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J Org Chem. 2006 Mar 17;71(6):2411-6.

Do the terms "% ee" and "% de" make sense as expressions of stereoisomer composition or stereoselectivity?

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  • 1Department of Chemistry and Biochemistry, University of Arkansas, Fayetteville, Arkansas 72701, USA.

Erratum in

  • J Org Chem. 2008 Aug 15;73(16):6470.
  • J Org Chem. 2008 Aug 1;73(15):6052.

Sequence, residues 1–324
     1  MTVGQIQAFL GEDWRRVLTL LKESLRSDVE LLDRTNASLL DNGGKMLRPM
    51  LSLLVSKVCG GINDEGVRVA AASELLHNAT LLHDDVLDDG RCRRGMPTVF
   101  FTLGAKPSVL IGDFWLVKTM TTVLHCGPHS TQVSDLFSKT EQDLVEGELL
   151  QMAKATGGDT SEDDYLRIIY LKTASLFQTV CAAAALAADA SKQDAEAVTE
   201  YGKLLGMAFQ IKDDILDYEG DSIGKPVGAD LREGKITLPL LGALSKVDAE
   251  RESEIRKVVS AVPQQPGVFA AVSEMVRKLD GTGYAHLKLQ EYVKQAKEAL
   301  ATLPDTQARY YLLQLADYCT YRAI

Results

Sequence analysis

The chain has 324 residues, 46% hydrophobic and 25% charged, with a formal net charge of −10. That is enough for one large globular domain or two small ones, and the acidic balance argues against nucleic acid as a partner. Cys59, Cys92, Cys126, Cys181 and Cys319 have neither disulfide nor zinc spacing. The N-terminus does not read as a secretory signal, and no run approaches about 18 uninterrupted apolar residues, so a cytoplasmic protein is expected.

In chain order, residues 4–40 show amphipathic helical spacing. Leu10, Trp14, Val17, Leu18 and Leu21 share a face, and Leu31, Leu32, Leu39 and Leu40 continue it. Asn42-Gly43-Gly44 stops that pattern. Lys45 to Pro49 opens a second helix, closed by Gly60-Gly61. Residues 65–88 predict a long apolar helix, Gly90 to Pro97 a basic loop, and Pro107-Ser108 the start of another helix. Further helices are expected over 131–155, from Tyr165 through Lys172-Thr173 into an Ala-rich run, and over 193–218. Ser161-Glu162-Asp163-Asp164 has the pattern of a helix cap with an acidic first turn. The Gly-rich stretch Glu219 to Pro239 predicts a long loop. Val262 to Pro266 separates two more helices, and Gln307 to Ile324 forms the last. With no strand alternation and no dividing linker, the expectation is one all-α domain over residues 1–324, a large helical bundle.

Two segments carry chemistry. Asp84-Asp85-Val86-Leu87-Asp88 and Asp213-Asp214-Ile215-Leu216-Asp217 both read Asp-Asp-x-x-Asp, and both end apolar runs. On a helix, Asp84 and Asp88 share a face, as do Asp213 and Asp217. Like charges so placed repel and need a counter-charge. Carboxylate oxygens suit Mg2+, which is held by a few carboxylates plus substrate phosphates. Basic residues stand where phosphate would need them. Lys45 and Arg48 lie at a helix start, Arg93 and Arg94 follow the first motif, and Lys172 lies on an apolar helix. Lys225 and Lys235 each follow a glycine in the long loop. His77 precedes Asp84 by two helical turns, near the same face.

Enantiomeric excess (ee) was originally defined as a term to describe enantiomeric composition and was equated with optical purity. More recently, ee and its cousin de (diastereomeric excess) have been used (inappropriately) to quantitate stereoselectivity. The quantity ee has been used in equations describing processes such as kinetic resolutions, but these equations are unnecessarily complex because it is enantiomer ratio, not enantiomeric excess, that directly reflects relative rates. A historical summary of the development of ee as an expression of enantiomer composition and enantioselectivity is presented, along with new equations and figures defining and illustrating the stereoselectivity factor, s, kinetic resolutions versus % conversion, and linear correlations of enantiomer composition of catalysts and products. New figures illustrating nonlinear effects versus enaniomer composition are presented, and Kagan's index of amplification for positive nonlinear effects is discussed and illustrated. A case is made for the discontinuance of ee and de as descriptors of stereoisomer composition and stereoselectivity.

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